Now that we have all the gameplay modes out of the way, let’s talk about bit about the graphics. I played the PlayStation 3 version for this review, and I’ve got to say it looks pretty damn good. All of the character models look great and the many different environments, from Dead or Alive rings to castles that look like they should be located just south of Hell — everything looks great. There are no frame rate issues of any kind, with tons of enemies on the screen or being played two player split screen, the frame rate is smooth and constant. The only issue I had in this department was that, sometimes, things pop in a bit late, causing you to run by enemy officers only to have go back and hunt them down.
The sound here is absolutely fantastic. You will find remixed versions of tons of your favorite tunes from the various franchises the characters come from. The remixed tunes from Dead or Alive are really great. All of the voice acting is done in Japanese, and is done really well. The sound effects are the general clangs and bangs from battle, there is nothing notable about them, but they get the job done.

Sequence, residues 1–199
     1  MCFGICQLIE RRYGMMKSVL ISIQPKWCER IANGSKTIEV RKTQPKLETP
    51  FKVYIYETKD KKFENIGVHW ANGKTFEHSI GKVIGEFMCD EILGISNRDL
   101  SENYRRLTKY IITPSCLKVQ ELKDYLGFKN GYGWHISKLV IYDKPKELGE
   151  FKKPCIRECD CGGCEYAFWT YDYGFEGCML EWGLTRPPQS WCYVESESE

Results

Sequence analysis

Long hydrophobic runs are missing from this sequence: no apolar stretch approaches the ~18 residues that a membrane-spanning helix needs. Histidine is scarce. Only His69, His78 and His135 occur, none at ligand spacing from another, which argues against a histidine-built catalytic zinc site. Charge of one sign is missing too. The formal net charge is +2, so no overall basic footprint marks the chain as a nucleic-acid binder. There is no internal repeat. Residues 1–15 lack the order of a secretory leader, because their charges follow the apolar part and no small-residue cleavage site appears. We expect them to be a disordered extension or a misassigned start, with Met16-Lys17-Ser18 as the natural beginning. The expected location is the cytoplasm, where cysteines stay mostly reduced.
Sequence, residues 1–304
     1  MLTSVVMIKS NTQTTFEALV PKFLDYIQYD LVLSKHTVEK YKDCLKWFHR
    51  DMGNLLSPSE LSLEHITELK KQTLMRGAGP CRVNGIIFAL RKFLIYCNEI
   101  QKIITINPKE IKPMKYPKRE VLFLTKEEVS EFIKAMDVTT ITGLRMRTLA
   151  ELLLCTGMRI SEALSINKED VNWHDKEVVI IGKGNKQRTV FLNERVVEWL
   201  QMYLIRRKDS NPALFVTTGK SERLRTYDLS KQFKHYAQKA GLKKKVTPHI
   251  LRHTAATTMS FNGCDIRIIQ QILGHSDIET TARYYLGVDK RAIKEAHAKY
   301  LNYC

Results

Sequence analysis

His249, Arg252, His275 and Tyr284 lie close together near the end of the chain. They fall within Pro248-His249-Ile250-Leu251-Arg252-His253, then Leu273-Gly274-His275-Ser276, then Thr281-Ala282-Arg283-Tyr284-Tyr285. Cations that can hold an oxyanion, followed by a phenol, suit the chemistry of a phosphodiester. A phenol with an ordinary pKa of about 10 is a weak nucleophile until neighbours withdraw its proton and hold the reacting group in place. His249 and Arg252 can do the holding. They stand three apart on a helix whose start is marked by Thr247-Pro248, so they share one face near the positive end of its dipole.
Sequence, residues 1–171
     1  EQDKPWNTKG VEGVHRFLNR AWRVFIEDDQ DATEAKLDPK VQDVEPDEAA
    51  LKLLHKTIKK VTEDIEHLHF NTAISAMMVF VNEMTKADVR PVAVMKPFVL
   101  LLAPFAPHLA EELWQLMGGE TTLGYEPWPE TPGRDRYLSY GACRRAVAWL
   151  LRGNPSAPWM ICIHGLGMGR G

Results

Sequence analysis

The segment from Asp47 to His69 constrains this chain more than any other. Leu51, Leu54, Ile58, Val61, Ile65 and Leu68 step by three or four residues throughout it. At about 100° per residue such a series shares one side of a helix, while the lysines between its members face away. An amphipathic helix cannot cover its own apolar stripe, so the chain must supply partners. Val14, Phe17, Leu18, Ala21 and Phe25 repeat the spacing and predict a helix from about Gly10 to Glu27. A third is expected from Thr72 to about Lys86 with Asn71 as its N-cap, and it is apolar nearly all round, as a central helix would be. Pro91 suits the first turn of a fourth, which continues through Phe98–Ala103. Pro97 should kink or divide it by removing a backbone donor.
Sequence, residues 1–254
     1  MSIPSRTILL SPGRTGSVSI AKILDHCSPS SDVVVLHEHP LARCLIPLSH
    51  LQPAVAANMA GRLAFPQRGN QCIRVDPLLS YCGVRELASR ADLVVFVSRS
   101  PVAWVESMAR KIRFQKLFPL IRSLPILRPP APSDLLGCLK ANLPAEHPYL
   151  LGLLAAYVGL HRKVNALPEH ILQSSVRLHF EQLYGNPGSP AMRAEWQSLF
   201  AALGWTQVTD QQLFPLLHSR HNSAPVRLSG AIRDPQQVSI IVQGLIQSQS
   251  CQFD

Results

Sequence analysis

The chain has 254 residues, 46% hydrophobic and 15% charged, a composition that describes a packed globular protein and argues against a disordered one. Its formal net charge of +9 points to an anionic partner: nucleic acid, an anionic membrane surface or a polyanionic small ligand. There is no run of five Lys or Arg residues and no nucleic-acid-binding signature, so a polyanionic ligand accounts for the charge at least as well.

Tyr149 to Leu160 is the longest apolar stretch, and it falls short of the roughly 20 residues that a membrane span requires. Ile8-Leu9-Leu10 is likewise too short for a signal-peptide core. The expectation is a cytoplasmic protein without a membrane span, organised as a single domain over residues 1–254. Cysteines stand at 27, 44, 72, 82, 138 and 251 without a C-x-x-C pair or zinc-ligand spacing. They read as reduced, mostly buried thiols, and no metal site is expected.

All in all, my experience here was a good one. There are plenty of scenarios and unlockables to keep you busy for a long, long time. The graphics are great, the soundtrack is amazing. Other than the few minor issues I had here and there, this is a very solid title. Fans of this genre shouldn’t hesitate to pick this up. It is well worth the asking price. If you always wanted to jump into the genre, this is a pretty decent place to start. It even has a history in the Gallery to catch you up on the story. I played Story Mode around 35 hours, and I still do not have everything unlocked, and have only cracked the surface of Gauntlet Mode. So, when I say there is a ton of content, I mean it. For the asking price of $49.99 on PS3, I feel like you simply cannot go wrong with this one.
Game was provided by the publisher for review purposes.
Warriors Orochi 3 Ultimate is available on Amazon:
Dynasty WarriorsKoei TecmoSamurai WarriorsWarriors Orochi